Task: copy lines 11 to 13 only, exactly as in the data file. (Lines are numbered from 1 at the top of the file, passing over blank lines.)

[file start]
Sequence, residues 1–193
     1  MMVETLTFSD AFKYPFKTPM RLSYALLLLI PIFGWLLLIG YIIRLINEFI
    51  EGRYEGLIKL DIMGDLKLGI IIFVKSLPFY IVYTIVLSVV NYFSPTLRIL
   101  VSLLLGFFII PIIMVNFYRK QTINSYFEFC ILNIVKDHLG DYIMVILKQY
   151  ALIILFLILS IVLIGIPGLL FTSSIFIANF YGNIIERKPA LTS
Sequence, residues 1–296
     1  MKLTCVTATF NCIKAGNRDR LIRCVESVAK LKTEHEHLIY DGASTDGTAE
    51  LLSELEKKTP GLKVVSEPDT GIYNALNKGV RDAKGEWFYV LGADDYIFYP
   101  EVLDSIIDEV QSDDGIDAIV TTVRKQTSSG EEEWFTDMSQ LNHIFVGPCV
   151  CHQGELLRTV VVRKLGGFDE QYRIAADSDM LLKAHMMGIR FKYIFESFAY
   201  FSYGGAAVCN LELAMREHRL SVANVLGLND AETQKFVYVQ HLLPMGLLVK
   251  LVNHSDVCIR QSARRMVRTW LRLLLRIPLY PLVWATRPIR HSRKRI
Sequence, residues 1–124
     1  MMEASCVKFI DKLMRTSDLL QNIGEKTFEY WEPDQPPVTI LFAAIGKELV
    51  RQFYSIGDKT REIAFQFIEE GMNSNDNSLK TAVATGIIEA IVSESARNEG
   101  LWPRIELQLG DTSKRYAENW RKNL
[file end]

   201  FSYGGAAVCN LELAMREHRL SVANVLGLND AETQKFVYVQ HLLPMGLLVK
   251  LVNHSDVCIR QSARRMVRTW LRLLLRIPLY PLVWATRPIR HSRKRI
Sequence, residues 1–124